Humans are social by nature. We need each other. Like the early disciples, we are called to come together and grow as a community—in our classrooms, church and families.


March 17-18


Alefa is a mother, grandmother and farmer. She provides for her three children, three grandchildren and husband by selling her crops. If they fail during one of Malawi’s rainy seasons—or in a drought— her family goes hungry. One particularly difficult year, Alefa was forced to sell some of her land to make ends meet.

She knew she had to start planting crops that could withstand Malawi’s changing climate. So, she attended a CRS-sponsored seed fair, where farmers learn the best crops to plant for the upcoming year, and receive vouchers so they can choose the seeds and supplies they need. Besides rice, Alefa bought corn, cabbage and tomato seeds. This way, she can continue farming rice but also feel confident that, even if her rice fails, she will have other crops to sell.

“This harvest will provide food, shelter and education for my family,” she says. In a few short months, Alefa will be growing corn and harvesting hope.


Jesus tells us to give special care to those who are most in need. He reminds us of our Christian duty to give a voice to those who are unheard and to help those most vulnerable.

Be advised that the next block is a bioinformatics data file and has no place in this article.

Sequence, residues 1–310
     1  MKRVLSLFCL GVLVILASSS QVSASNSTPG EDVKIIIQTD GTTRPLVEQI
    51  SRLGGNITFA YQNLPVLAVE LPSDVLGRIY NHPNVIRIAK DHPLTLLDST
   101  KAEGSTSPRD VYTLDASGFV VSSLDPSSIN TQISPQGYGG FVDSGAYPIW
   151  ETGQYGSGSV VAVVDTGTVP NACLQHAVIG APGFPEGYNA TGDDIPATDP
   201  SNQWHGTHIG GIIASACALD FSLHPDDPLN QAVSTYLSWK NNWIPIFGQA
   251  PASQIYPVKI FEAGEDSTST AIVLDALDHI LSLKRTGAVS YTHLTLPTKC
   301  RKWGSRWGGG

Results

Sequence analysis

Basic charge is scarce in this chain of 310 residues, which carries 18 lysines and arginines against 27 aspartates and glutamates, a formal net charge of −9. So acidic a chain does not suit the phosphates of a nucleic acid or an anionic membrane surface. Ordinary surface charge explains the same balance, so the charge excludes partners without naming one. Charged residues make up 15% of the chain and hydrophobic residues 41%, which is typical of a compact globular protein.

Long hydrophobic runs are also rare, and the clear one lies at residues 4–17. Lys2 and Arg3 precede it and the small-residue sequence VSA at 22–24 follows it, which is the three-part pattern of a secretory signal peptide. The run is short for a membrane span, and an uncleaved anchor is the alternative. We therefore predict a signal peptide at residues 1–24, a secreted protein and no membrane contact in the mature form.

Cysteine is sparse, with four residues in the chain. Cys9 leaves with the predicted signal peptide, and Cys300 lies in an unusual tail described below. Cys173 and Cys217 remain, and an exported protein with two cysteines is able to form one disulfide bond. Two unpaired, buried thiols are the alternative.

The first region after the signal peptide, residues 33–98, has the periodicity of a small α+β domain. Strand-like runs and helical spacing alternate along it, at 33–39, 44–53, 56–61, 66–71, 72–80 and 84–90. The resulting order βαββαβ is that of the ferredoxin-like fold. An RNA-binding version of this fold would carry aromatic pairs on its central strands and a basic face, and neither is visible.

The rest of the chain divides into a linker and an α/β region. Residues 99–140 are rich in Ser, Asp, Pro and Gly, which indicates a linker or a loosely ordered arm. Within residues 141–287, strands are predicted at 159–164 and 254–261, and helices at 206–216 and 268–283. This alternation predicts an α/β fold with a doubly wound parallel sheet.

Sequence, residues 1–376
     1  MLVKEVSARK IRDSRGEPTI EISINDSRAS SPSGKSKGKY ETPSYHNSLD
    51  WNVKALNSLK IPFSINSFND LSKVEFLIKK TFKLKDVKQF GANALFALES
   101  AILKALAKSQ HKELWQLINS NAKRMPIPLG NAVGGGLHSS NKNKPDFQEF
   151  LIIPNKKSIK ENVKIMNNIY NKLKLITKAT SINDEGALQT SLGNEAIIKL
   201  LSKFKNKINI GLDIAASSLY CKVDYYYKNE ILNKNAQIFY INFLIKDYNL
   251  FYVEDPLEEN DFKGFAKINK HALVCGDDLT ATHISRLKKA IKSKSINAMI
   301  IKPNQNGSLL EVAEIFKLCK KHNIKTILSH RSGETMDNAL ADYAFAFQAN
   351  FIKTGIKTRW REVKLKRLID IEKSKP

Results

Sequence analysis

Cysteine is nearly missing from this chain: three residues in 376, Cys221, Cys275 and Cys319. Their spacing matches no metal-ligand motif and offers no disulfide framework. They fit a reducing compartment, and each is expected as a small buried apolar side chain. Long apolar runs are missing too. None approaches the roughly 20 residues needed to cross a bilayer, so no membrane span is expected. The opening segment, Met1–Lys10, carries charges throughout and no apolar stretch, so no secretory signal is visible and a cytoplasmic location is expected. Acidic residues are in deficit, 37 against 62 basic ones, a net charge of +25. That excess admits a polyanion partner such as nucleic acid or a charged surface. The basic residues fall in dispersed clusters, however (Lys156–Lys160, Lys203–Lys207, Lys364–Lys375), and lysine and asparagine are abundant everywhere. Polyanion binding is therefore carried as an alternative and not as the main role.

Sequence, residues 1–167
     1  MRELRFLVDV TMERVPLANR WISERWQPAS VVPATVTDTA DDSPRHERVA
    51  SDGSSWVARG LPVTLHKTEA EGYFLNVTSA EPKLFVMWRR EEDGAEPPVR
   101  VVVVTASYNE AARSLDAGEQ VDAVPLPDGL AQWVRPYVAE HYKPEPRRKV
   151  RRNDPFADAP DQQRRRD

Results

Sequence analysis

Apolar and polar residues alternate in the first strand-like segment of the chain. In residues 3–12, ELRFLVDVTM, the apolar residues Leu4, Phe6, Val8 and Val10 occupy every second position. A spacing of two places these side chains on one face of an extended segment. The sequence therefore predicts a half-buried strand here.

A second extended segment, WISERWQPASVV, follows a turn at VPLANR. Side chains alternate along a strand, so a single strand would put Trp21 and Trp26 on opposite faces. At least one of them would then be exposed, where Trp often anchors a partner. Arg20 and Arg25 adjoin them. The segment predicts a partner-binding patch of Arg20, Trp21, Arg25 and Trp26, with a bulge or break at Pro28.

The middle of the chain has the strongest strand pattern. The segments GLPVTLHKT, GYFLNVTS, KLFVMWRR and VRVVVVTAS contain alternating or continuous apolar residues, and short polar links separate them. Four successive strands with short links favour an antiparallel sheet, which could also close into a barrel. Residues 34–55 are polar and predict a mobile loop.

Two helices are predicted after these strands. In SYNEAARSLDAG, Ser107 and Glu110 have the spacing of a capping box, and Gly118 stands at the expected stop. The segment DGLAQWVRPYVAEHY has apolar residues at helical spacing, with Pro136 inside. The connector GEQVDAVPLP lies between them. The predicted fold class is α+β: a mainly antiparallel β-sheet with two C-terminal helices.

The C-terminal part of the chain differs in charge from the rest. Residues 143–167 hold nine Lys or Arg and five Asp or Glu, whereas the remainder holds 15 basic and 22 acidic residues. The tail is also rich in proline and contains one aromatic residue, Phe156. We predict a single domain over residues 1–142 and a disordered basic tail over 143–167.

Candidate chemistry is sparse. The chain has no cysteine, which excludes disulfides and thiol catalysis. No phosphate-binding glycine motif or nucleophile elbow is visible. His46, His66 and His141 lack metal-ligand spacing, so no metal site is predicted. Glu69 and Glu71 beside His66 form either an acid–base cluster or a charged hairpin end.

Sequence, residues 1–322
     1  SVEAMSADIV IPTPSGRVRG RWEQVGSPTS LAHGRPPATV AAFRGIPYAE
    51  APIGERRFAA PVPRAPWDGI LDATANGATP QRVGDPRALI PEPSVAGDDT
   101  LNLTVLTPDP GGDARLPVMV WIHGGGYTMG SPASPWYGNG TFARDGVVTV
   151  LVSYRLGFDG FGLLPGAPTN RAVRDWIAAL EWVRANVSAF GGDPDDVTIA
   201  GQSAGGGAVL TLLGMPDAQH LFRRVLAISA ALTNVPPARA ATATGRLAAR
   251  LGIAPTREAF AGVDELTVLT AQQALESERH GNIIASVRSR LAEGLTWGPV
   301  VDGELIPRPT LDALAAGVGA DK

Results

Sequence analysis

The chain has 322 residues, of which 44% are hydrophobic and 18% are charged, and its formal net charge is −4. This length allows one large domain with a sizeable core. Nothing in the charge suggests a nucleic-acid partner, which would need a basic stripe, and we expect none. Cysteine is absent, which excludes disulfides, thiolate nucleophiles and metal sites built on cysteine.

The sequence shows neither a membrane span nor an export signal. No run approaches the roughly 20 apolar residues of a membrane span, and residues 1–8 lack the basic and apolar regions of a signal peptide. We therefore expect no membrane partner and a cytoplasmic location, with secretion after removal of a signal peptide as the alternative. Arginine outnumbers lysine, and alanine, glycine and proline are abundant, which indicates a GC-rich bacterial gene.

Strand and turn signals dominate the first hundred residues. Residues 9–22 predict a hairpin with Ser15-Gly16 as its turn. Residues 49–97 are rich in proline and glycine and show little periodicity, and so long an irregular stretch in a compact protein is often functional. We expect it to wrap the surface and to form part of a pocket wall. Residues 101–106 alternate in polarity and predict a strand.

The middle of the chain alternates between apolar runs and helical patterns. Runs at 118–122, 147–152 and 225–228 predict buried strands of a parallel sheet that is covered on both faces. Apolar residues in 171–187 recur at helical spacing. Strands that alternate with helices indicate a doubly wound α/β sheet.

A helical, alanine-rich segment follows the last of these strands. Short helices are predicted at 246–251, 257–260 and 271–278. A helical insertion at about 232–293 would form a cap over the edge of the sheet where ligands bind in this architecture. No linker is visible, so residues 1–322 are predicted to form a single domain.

March 24-25


This weekend, we look at a story much closer to home, because a part of the Rice Bowl collection goes to support local programming. We look today at our neighbors to the south, Chicago. Last year, over 650 people were killed in the city of Chicago (which is actually down 15% from 2016). Gangs are an ever-present part of the landscape of the city, contributing not only to homicides, but also drug trafficking, guns and prostitution, and the crime is all tied to poverty, joblessness, segregation and neglect.

Fr. Dave Kelly works in a neighborhood that is ravaged by violence and poverty. Through the work of his organization, Previous Blood Ministry of Reconciliation, he and his team are able to work with young people and families who have been affected by violence and incarceration. CRS supports their efforts, enabling Precious Blood to do work in mentoring, reconciliation, skill development and job placement. Their goal is to give back to their neighborhood, strengthening roots and making peace. As one sign says, “Putting the neighbor back in the hood.”

The organization also does work in peace building and restorative justice, and it’s all centered around the dignity of the human person. Every person, regardless of what they’ve done or who they’ve hurt, is still loved by God, and Precious Blood Ministry of Reconciliation strives to honor that and rebuild community around that truth.

As we celebrate Jesus’ triumphant entry into Jerusalem, let us celebrate also the lives that are being changed through this and many other CRS supported programs.